The Fastbacks – The Question Is No

What I Think of When I Think of This Artist (part 1)

It is entirely possible that the Fastbacks are the most punk band not only in my collection, but the country. Keep your Fear, your Fugazi, your Dead Kennedys. They are all more professional, polished, and popular than the Fastbacks, who formed in 1979 and didn’t release their first album until 1987 (and even that one was cobbled together from a series of sessions, only one of which took place in an actual recording studio), and who never have had a permanent drummer. High school friends Lulu Gargiulo, Kim Warnick, and Kurt Bloch formed and essentially remained the Seattle band until 2001 (or maybe 2002, who knows? See? Punk as fuck). At first, Bloch drummed, Warnick played bass, and Gargiulo was the guitarist while a friend handled vocals. Quickly trimmed down to a trio, Bloch took over on guitar and Warnick grabbed the mic and they scraped by with random drummers thereafter. Those drummers have included two members of Flop, Mike Musberger of the Posies, Richard Stuverud (who has been associated with members of Pearl Jam), Tad Hutchinson from the Young Fresh Fellows – another band Bloch is in, Mudhoney’s own Dan Peters, and of course, future Guns N’ Roses bassist Duff McKagan. The alternative/grunge/Seattle boom in the ‘90s resulted in the Fastbacks opening for Pearl Jam on an international tour, but of course, that didn’t translate to fame and fortune.

What I Think of This Album

The Question Is No is a delightful collection of singles, compilation tracks, and unreleased songs on Sub Pop featuring five drummers (including, yes, Duff) and covering twelve years of the band’s history. Seven tracks are from 1980-88 and the other six are from the productive-by-comparison era of 1991-92, though the newer songs are presented first (mostly – per the liner notes, this was a decision intended as an explicit “fuck you” to people like me who want a strict timeline).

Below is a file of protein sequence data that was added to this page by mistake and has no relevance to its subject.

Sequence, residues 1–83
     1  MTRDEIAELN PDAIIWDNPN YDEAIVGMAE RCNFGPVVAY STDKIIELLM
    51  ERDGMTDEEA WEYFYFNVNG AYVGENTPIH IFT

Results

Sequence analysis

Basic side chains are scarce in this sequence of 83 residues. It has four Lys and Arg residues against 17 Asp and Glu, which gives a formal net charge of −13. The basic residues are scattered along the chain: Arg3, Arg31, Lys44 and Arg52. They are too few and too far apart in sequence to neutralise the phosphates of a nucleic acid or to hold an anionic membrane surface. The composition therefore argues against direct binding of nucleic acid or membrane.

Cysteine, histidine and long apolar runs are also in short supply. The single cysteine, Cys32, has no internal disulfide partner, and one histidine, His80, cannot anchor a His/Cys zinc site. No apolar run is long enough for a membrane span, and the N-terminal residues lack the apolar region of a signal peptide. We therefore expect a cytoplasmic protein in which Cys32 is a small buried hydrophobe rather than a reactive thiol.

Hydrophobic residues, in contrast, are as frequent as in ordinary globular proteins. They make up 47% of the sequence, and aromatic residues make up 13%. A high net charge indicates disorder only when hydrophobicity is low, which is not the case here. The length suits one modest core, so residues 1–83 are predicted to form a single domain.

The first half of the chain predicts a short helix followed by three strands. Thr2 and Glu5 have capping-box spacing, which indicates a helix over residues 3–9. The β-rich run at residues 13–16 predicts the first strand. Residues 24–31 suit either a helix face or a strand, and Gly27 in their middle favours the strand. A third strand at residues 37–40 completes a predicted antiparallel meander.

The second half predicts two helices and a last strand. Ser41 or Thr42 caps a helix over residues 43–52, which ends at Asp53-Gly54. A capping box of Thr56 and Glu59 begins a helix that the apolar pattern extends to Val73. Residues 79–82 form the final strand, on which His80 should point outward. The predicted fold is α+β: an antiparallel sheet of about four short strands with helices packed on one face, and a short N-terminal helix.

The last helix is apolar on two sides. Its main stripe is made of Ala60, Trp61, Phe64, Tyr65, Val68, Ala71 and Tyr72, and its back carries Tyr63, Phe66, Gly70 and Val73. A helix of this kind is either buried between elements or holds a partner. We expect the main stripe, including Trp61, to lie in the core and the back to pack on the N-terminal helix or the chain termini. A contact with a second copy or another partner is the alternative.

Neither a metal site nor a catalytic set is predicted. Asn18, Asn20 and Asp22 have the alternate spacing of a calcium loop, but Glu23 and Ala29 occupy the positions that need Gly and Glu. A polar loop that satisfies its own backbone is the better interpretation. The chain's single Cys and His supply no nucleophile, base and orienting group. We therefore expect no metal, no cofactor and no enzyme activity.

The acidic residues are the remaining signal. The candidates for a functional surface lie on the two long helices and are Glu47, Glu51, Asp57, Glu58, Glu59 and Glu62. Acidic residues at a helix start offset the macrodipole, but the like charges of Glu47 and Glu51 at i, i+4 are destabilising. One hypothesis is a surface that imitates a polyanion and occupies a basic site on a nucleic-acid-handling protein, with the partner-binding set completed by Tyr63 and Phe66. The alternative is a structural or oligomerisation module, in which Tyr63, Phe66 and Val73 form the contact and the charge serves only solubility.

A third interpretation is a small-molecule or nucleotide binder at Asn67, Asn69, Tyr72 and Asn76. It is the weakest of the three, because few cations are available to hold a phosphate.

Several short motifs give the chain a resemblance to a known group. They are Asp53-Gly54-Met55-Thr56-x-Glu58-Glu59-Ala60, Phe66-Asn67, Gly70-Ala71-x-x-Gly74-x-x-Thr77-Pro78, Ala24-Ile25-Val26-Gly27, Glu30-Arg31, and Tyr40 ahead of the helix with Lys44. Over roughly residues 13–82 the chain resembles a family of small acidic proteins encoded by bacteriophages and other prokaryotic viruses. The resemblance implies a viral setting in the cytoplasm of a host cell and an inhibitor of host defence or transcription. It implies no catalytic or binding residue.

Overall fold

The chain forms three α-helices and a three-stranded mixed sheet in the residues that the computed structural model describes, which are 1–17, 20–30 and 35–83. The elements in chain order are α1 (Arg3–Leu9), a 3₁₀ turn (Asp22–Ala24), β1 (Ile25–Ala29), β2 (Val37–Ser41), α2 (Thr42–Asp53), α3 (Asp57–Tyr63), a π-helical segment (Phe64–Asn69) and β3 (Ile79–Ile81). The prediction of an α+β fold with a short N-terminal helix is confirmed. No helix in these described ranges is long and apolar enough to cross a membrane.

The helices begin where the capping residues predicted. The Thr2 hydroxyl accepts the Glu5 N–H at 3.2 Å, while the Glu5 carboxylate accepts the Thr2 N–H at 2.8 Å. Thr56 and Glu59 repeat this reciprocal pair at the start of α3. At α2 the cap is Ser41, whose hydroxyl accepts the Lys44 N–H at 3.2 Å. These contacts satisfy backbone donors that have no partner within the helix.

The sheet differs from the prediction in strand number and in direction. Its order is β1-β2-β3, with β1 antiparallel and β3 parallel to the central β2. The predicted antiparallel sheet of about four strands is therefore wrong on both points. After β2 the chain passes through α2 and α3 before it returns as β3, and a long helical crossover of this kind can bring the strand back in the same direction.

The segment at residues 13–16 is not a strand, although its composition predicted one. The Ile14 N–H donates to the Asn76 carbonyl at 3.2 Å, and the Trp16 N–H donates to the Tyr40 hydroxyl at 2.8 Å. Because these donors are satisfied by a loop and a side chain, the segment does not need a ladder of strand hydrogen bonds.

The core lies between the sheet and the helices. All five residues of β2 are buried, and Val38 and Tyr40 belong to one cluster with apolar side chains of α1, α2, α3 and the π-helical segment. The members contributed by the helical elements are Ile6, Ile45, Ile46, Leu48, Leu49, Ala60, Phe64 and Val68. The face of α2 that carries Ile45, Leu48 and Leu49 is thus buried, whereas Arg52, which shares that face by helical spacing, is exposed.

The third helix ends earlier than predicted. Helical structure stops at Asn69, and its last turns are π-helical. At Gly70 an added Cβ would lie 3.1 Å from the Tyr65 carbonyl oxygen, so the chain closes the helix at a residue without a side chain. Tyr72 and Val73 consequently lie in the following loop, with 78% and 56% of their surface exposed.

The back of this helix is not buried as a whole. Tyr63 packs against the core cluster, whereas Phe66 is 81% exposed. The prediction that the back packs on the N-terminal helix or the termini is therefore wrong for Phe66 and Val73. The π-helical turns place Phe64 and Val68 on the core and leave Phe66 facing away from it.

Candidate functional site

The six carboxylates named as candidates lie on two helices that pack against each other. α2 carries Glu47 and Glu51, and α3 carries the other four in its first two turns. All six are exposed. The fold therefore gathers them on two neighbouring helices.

Displaying a remarkable consistency despite the years and the drummers, the Fastbacks play hooky, speedy, fuzzy poppish punk descended from the Ramones and akin to a less tortured Buzzcocks. Kurt Bloch is a triple-threat, writing engagingly catchy melodies, playing tough lead guitar that is actually more Cheap Trick than anything else, and offering up lyrics that are thoughtful and intelligent. For their part, Lulu Gargiulo and Kim Warnick sweeten and soften things up with their lively vocals, adding a girl-group element to the sound.

Warnick worked at SubPop and was in Visqueen with Rachel Flotard (Neko Case) in the early 2000s. Her husband for some period of time was Ken Stringfellow of the Posies. Gargiulo is a cinematographer and filmmaker.

The Best Thing About This Album

Um, Duff. Okay, not really, but almost. “Lose” is a fantastic fucking song, with the brilliantly titled “Don’t Eat That It’s Poison” nipping at its heels.

Release Date

June, 1992

The Cover Art

Dumb, but my main objection is that a drummer is in the pic. Also, I think this cover was just repurposed from the The Answer Is You release photo shoot. That’s punk.

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